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For the first time on the Classical Hour Concert and Radio Series, Nada performs with an orchestra hired for the occasion, Johannes Brahms First Piano Concerto, Op. 15.”This work was originally conceived as a symphony and a two piano sonata before it finally became a piano concerto. The young composer of 25 years old gave the premiere in 1861 which was unfortunately a disaster. It took a couple of additional performance for the concerto to finally be well received by the public and to take its commanding place into the piano repertoire.A smaller size orchestra was present for the occasion and due to the excellent quality of its musicians, the overall sound was impressive and the solo instrumental sections were quite well done.It was evident for exercised ears that there was a lack of coordination between orchestra and soloist, and the question of cooperative effort from the conductor remains a question. Nada’s excellent phrasing, clarity of musical gestures and perfect voicing led the majority of its musicians into her music making, audience alike.

Were there some ensemble problems? Some lost entrances and synchronization for orchestra players? Was there a conductor?

We were drawn into Nada’s assertive tone. The first movement, despite all, was alternatively large in gestures, expressive and dramatic at its most, with excellent contrasts in between.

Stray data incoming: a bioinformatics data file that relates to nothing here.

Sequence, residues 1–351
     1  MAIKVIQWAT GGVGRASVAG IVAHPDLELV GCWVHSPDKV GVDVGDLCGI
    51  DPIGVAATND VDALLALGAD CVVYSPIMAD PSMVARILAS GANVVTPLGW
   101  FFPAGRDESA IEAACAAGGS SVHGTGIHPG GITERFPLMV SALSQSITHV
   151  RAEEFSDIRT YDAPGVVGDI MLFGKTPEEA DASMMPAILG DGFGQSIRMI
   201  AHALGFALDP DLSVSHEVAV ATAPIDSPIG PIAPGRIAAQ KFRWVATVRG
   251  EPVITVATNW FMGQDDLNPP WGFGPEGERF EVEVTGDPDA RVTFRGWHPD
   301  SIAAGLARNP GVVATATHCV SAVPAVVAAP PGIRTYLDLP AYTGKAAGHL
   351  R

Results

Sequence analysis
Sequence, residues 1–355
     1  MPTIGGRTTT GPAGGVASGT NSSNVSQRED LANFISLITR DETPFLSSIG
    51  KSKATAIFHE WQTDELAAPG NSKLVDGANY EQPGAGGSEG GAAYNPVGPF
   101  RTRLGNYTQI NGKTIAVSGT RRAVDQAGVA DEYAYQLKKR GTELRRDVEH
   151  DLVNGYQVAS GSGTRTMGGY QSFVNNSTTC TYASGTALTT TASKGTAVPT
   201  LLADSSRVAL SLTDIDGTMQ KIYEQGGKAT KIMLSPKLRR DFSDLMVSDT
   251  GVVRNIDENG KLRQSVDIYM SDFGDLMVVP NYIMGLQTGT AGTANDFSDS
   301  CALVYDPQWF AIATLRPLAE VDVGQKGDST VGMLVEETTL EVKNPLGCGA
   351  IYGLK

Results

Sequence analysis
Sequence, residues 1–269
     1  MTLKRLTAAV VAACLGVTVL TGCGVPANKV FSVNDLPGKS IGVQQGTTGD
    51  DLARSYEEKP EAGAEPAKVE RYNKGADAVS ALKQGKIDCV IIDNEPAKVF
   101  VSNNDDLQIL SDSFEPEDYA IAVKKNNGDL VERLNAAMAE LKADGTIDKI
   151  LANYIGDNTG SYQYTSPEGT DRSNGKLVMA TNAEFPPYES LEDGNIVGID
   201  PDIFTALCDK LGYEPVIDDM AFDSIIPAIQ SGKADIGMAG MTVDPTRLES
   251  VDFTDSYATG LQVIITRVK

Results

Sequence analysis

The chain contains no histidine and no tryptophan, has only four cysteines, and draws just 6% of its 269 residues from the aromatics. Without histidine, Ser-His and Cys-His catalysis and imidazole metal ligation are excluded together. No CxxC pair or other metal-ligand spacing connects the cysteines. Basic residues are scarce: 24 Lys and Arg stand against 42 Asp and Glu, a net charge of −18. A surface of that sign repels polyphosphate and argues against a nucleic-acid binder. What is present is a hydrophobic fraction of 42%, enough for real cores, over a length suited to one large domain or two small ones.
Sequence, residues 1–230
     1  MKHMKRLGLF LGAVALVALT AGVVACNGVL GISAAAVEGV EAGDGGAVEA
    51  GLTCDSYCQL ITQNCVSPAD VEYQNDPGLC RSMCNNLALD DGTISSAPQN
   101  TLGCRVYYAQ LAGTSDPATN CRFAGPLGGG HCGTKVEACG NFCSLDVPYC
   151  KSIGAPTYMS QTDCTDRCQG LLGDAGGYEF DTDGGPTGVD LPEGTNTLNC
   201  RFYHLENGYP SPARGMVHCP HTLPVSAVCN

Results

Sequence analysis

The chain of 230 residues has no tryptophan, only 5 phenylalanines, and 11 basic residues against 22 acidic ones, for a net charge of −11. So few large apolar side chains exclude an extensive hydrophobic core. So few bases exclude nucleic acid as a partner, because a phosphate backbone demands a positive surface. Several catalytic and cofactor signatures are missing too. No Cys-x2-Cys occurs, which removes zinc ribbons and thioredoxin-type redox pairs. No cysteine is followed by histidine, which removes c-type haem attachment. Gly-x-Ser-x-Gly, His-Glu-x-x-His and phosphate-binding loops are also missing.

In the second movement, Nada made every voice and every note shine into the introspective quality of the music here, a prayer modeled as a chorale for piano and orchestra.

Few performers if any, dare take that much time and space in the last two cadenzas of the third movement. What a cadenza is for, if not to reinvent it and recreate it?

Nada has no fear in opening up its phrasing to its utmost stretching, to its breaking point, her sound is big and voicing perfect.

The rondo was probably the most successful for the orchestra and soloist. It’s very rhythmic quality and accentuation provided a great base for Nada’s clear intentions and the orchestra followed her.

Brava! A strongly emotional performance and another account of Nada’s great artistry.” VRK